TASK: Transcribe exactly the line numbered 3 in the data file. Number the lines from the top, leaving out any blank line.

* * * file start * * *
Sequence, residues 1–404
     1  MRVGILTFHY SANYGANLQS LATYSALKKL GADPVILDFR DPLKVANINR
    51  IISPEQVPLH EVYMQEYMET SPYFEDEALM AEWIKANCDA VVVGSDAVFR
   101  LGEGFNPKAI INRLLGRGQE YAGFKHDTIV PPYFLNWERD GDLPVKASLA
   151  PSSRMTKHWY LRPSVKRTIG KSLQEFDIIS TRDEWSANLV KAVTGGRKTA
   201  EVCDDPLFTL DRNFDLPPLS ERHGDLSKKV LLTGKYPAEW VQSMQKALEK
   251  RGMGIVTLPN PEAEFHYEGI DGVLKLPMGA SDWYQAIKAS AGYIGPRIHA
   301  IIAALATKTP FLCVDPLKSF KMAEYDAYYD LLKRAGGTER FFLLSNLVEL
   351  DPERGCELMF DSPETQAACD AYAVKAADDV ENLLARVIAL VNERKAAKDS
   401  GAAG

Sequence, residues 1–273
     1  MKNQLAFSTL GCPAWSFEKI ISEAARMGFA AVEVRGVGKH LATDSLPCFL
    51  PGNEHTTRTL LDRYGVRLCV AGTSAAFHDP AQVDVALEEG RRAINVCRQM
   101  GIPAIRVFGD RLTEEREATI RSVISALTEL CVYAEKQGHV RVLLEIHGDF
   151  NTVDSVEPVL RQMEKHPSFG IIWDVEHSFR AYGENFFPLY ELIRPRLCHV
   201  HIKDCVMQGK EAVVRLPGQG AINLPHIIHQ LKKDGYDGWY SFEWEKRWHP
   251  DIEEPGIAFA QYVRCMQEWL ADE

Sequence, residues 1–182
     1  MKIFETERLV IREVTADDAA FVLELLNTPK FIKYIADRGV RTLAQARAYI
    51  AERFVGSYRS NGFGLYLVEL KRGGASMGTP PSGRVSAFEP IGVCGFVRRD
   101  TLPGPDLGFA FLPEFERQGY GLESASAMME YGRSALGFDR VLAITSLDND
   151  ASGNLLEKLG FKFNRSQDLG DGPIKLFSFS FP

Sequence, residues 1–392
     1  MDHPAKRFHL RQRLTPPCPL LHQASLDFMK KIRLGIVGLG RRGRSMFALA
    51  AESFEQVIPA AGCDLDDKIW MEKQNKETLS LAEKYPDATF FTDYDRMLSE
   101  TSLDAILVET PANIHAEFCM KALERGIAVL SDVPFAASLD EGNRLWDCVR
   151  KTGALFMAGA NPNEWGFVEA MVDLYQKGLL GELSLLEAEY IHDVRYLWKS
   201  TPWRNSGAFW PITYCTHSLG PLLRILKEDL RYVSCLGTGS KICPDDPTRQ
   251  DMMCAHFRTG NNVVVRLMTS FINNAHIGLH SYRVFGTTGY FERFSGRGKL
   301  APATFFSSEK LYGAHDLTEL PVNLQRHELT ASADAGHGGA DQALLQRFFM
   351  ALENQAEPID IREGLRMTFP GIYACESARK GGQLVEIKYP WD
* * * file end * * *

    51  IISPEQVPLH EVYMQEYMET SPYFEDEALM AEWIKANCDA VVVGSDAVFR